Cold-brew coffee sales continue to perk

Lawrence Aylward
Editor In Chief
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Sales of cold-brew coffee jumped 370 percent in two years, according to an article from Fortune, headlined “From Cafes to Restaurant Menus, Cold Brew Coffee is Heating Up.”

In 2017, sales of cold brew coffee jumped to $38.1 million from the $8.1 million in sales the category saw in 2015, Fortune reports, citing statistics from Statista.

Eat 'N Park, the popular Pennsylvania-based fast casual chain, just added cold brew coffee, and is offering it with free refills, and in a mocha java milkshake, Fortune reported.

Considering that only 7 percent of coffee drinkers say they have made their own cold-brew coffee at home, there is plenty of room to grow. But to grow the segment it will take education on behalf of retailers and manufacturers.

Tom Lavan, CEO of Pittsburgh-based Riverbend Foods, which supplies private-branded cold-brew coffee for TreeHouse Foods, said it’s critical for retailers to demo and sample cold-brew coffee on location to get more consumers to try it and to inform them that the cold-brew process is longer, requires more beans and removes the bitter taste.

“Once consumers realize that it has a clean and fresh taste and is not bitter, you will win people over much faster,” Lavan says.

Clay Dockery, vice president of retailer brands for Suffolk, Va.-based Massimo Zanetti Beverage USA, points out that the good thing about cold brew is that it’s not going to cannibalize the roast and ground coffee segments, but largely be incremental to total coffee sales.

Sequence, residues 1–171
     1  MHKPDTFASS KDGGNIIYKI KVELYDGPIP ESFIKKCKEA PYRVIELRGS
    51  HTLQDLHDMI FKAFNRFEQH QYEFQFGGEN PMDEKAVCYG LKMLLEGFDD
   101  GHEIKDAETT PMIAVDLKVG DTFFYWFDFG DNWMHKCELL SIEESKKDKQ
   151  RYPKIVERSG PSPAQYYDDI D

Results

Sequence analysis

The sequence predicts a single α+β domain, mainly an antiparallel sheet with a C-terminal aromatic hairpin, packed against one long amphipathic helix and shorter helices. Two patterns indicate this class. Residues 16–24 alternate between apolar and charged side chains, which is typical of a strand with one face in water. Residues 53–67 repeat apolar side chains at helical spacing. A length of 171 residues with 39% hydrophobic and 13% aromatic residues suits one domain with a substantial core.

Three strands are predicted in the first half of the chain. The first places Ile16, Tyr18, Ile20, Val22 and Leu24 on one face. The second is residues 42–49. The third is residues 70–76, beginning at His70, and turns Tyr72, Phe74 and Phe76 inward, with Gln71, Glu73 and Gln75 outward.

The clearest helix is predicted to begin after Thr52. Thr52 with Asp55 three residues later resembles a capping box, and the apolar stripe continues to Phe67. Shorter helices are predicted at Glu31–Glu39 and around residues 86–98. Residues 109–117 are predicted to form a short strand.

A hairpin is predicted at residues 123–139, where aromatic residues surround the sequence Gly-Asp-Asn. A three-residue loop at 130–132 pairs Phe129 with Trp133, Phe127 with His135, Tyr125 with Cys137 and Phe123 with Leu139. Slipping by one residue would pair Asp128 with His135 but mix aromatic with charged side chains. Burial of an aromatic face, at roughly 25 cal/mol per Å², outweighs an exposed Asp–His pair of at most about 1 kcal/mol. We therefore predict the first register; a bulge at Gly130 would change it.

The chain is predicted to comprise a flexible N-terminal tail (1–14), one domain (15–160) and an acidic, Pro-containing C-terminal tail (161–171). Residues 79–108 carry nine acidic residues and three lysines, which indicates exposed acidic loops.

“As such, a thoughtful strategy around incremental shelf-space allocation is critical,” he adds. “It is also important to ensure in design that there is clear differentiation between concentrates and ready-to-drink alternatives.”

Because cold-brew coffee is still a new but fast-growing category without a standard of identity, there are opportunities for brands to adhere to basic principles and best practices for brewing and bottling or serving cold-brew coffee, said Chris Brown, marketing director/coffee for Carmel, Ind.-based Heartland Food Products Group.

“Doing so will ensure the consumer is getting the high level of quality they expect when trying your cold-brew coffee,” he adds. “In addition to ensuring their cold-brew coffees are authentic, other factors needed for private brands to be successful include leading with great taste, having a feeling of craftsmanship designed into the packaging, and launching with an array of desirable varieties.”